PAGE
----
While no one has the complete answer, ophthalmologists should look hard at what work they do themselves and what can be handled by other professionals.
“We need to revamp our practice teams–using technicians, physician assistants, optometrists, ophthalmologists, surgeons,” Dr. Mattox said. “How are we going to utilize our practice workflow, testing centers, reading centers, communication with patients?”
Researchers are beginning to produce helpful data in these areas. Dr. Mattox credited Joshua Stein, MD, associate professor of ophthalmology, University of Michigan, Ann Arbor, with important work on “predictive algorithms to figure out who is getting worse without even having to see the patient."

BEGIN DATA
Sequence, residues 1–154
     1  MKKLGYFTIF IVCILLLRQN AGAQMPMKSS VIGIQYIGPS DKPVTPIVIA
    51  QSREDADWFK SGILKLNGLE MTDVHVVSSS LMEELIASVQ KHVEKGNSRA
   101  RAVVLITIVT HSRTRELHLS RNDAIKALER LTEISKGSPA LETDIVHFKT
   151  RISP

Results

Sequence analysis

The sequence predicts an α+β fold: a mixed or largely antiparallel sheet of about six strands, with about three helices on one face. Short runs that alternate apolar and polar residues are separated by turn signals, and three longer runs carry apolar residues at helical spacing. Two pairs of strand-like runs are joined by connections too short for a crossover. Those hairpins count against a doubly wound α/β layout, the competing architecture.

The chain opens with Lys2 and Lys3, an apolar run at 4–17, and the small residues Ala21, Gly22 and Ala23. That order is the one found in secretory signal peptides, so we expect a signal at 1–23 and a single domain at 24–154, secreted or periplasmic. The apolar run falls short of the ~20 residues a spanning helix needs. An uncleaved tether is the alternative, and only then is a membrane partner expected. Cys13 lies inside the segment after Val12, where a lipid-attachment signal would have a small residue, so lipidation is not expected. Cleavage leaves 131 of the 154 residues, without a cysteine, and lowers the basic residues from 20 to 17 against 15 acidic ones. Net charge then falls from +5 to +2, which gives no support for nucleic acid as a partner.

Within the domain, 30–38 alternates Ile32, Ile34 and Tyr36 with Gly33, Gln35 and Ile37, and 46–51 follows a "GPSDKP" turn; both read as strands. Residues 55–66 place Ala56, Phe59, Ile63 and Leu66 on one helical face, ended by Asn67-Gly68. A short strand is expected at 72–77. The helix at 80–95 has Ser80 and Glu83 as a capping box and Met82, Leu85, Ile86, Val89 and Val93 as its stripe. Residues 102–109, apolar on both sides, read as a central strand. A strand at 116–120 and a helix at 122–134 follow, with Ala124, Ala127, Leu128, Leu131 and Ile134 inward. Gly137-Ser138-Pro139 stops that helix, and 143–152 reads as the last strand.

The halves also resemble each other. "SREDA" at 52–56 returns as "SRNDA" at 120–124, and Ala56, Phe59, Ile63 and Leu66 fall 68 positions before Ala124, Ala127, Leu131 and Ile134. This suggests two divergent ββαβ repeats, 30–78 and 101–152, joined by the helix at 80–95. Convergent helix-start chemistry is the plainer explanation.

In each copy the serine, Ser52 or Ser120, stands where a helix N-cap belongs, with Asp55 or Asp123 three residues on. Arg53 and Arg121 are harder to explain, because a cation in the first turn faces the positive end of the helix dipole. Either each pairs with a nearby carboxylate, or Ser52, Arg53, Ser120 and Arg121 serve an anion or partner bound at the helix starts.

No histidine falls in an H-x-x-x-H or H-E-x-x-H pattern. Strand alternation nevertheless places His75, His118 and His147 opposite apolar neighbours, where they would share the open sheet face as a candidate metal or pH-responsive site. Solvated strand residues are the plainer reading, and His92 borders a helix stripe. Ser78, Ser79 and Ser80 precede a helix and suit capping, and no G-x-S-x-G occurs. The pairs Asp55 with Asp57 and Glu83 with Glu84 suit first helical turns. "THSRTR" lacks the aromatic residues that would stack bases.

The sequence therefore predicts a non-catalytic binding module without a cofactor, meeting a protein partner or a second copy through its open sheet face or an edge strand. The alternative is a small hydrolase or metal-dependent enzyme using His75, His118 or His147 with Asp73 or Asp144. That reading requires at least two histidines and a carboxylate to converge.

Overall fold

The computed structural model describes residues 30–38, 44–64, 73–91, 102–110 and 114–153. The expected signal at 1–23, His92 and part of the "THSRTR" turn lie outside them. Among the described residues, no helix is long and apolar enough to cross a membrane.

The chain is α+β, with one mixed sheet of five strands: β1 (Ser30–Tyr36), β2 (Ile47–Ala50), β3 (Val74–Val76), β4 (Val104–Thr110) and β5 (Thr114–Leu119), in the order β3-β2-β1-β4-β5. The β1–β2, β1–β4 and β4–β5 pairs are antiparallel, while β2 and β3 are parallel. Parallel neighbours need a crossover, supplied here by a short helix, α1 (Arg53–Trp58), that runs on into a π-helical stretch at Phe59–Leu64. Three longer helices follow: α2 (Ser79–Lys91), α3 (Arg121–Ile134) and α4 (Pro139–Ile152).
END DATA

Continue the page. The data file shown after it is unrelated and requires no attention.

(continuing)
She anticipates advances in home monitoring, telemedicine, and programs that educate patients on how to take care of themselves.
But ophthalmologists will have to think carefully about the cost effectiveness of diagnostics, medications, surgery, and other procedures, she added. They have to pay attention to how patients are affected by their copayments and out-of-pocket expenses, and when the ophthalmologists’ practices have to absorb the costs of supplies, drugs, lasers, and diagnostic technology.
“Really parse that out to make sure that we are providing the best possible care that we can to the people who really need it,” she advised